LANSING — A Detroit-area hospital said Wednesday it will reinstate visitor restrictions out of an abundance of caution following a rise in coronavirus cases among staff, patients and visitors.
Beaumont Health, Michigan’s largest health care system, said the limits began Thursday at its Farmington Hills campus. Beaumont has cared for more COVID-19 patients than any other system in the state.
“We are in the process of reminding and educating our patients, visitors and staff about the importance of taking all appropriate precautions to limit the spread of the virus,” said spokesman Mark Geary, referring to “multiple” cases.
No one will be allowed in the rooms of patients with pending or positive tests except for in end-of-life or other extreme circumstance. In cases not related to COVID-19, one person can visit under a number of exceptions if he or she is screened and wears personal protective equipment.
The state on Wednesday reported nine additional coronavirus-related deaths and 517 more confirmed cases. That brought the death toll to 6,539 and the case count to nearly 98,700, including roughly 9,400 probable cases and 266 probable deaths.
Over the past two weeks, the seven-day case average has remained mostly constant, at around 720, according to an Associated Press analysis of data from Johns Hopkins University. The counties with the most new cases per capita were rural ones such as Gogebic, Menominee and Ontonagon in the Upper Peninsula but also urban places such as Macomb — just north of Detroit — and Saginaw.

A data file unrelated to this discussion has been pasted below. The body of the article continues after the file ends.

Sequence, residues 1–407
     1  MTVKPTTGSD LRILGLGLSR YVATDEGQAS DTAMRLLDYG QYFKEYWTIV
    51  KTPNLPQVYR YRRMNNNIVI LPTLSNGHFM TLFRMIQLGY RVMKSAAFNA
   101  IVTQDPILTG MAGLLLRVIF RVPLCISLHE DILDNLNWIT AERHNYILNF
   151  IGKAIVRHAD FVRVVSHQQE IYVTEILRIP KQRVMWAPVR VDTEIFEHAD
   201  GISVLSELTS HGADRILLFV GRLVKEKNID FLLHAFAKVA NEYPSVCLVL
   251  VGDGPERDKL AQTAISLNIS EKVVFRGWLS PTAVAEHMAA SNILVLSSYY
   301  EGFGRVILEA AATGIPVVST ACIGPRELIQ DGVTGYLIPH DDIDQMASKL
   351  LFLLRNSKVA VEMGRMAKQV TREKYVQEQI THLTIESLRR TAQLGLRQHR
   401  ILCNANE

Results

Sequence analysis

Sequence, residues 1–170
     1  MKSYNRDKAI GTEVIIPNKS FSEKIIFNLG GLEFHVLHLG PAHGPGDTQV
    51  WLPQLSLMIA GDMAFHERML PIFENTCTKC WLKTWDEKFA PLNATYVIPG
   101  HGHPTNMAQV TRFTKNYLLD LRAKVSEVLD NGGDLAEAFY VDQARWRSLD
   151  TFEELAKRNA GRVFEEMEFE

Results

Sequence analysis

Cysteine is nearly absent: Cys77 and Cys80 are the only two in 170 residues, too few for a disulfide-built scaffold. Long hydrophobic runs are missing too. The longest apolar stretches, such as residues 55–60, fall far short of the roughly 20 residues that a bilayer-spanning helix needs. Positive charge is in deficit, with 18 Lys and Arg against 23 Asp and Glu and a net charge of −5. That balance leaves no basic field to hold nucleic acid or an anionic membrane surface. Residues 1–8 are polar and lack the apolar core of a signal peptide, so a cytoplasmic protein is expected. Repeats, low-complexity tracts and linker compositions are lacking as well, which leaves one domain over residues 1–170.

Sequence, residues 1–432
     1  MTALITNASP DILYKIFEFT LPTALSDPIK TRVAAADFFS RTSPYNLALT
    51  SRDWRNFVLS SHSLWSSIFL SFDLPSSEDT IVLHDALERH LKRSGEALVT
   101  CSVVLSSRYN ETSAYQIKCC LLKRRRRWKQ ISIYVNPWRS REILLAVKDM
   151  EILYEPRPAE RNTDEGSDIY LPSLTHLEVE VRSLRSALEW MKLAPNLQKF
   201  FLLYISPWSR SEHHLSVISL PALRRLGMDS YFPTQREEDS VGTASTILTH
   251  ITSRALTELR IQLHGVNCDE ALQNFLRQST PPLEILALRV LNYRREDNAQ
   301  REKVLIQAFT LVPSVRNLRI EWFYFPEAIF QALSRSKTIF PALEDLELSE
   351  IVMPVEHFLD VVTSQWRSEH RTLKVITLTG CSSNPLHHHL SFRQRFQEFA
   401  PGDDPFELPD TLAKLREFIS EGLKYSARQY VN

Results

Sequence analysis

An orchard in northern Michigan sued Gov. Gretchen Whitmer and state and local officials to stop the business from potentially losing its license for not enforcing the governor’s requirement that customers and some employees wear masks. Friske Orchards Farm Market in Ellsworth in Antrim County employs 21 workers and operates a fruit stand, bakery, cafe, gift shop, and outdoor playground and entertainment area.
The lawsuit, filed in the state Court of Claims, says Whitmer’s orders have flattened the curve and kept hospitals from being overwhelmed with patients, “and there is no longer an emergency supporting unilateral executive actions.”
Suspending a business license for noncompliance with an order — which must be considered by state departments and agencies under a directive the governor issued last week — is excessive because the law allows for a maximum penalty of a 90-day misdemeanor and a $500 fine, according to the complaint.
The state declined to comment, citing the pending litigation.